Immigration chaos is politically useful to both sides
The debate over ICE’s existence is in part a proxy for a deeper debate, one that America’s more established immigrants have always grappled with, when faced with newcomers: “Who else gets to be an American?” As the country gears up for midterm elections in November that could determine how history remembers the Trump presidency, the agency’s name has become a rallying cry for both the left and the right.
“We are going to be introducing a wave of change,” Alexandria Ocasio-Cortez, who at 28 is set to become the youngest-ever member of the US Congress, promised a cheering crowd at a billiard hall in the Bronx during a celebration of her surprise election in June. For Ocasio-Cortez and a growing number of Democrats, a key part of that wave is abolishing ICE.
Boston City Council member Ayanna Pressley, who is running for a Massachusetts Congressional seat in November, suggests defunding ICE entirely, and putting anti-terror functions somewhere else. Kirsten Gillibrand, the New York senator, recently joined the call, saying “We need to start over, separating the criminal justice and immigration roles.” And Ron Wyden, the senator from Oregon, told Quartz ” I don’t think ICE is focusing on the right people, and I think a fundamental overhaul is in order here.”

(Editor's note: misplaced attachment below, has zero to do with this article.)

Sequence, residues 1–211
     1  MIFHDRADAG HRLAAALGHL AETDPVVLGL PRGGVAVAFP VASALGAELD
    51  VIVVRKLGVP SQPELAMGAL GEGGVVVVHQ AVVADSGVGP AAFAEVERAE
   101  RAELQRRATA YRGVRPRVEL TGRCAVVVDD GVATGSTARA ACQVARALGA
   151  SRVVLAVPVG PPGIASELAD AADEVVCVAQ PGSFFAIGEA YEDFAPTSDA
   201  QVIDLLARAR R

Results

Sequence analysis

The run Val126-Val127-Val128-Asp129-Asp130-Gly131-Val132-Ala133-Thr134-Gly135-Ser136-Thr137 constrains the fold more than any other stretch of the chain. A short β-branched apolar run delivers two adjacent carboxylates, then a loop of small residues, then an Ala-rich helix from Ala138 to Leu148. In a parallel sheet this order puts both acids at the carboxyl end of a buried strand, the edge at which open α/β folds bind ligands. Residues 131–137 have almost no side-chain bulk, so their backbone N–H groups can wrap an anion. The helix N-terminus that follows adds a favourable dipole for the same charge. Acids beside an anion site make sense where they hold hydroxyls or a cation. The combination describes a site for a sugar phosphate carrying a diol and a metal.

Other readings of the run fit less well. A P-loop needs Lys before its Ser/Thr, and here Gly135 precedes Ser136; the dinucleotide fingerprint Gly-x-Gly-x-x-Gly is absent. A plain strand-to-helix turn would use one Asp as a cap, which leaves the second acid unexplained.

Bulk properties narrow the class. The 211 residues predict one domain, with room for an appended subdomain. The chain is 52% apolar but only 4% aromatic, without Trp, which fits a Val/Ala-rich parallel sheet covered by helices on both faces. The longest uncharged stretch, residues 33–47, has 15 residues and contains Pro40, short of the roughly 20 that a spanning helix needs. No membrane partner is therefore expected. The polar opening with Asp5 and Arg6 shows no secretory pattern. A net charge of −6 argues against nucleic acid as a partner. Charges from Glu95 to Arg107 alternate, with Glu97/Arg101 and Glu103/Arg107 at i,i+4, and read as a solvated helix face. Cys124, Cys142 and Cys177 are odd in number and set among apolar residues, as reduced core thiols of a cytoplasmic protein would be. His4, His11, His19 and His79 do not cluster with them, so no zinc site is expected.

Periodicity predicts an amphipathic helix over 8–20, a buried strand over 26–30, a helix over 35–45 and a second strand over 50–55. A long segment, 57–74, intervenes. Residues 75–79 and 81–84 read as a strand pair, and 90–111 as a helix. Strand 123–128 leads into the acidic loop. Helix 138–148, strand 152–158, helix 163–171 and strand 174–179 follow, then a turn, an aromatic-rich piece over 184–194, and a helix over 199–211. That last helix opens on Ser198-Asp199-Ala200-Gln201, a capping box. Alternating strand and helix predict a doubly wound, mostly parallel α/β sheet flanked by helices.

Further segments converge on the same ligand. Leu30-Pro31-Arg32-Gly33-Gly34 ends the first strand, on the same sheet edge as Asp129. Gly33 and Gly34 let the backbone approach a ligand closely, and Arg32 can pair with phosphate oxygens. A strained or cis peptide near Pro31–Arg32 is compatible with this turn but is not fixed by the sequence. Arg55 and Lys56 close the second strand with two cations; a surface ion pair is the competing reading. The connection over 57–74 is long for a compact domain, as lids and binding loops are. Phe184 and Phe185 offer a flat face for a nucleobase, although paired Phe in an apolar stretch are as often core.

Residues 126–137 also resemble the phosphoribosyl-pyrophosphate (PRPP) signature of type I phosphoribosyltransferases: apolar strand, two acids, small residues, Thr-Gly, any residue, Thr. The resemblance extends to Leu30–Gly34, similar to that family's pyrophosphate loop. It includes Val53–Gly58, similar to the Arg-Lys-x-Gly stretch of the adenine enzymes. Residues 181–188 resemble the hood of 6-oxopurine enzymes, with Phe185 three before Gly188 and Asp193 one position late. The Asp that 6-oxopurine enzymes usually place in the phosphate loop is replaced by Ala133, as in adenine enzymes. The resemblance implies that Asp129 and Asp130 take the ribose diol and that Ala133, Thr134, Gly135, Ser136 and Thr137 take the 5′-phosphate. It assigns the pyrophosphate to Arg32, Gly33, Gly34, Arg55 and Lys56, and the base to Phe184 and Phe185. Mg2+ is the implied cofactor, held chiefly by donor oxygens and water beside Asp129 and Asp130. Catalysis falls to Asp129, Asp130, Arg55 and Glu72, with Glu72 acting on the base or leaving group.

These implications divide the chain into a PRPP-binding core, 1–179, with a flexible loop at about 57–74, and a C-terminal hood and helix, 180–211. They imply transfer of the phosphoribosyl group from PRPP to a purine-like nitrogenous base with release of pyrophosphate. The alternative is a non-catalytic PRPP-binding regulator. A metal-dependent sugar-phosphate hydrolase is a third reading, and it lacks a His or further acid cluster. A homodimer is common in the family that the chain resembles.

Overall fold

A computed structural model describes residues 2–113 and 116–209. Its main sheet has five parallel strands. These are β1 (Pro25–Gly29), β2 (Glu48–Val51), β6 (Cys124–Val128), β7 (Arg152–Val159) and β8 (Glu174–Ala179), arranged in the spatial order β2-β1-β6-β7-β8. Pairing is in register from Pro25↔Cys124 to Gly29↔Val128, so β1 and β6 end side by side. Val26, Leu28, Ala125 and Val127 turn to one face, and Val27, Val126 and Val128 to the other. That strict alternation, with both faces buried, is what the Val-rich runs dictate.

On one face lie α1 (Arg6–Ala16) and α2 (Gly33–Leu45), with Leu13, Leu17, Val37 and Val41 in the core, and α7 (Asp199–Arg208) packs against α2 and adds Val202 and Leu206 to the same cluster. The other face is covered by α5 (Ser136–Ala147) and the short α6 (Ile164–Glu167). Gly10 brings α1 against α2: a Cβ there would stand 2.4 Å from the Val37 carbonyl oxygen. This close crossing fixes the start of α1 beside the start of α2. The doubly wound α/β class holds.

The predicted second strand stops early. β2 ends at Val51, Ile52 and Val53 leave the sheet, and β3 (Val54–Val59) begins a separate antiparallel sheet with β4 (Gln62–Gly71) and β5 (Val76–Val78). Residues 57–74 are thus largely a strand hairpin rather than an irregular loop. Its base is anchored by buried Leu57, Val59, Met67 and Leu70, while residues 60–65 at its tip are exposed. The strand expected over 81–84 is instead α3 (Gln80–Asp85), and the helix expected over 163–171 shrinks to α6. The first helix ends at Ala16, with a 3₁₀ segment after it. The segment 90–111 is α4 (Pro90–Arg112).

Meanwhile, the White House is attacking senators who criticize the agency on social media, and the Republican Party has inaccurately called it the main defender of US borders (that’s actually Customs and Border Protection). It’s part of the Trump White House’s deliberate strategy to “pour gasoline” on hot-button US issues before November to rally his base to vote—all but guaranteeing, however, that the US’s long-standing immigration problems don’t get fixed any time soon.
Stepping into this mess is Ronald Vitiello, a career border patrol agent who was quietly named ICE’s new director on June 30. His appointment could bring some needed calm, long-time immigration experts across the political spectrum say—but using the agency to inflame voters ahead of the November midterms may be too politically valuable right now for anyone in Washington to let him do it.
Correction (July 8): This article originally stated the INS was part of the Department of Labor; it worked closely with the Department of Labor but was part of the Department of Justice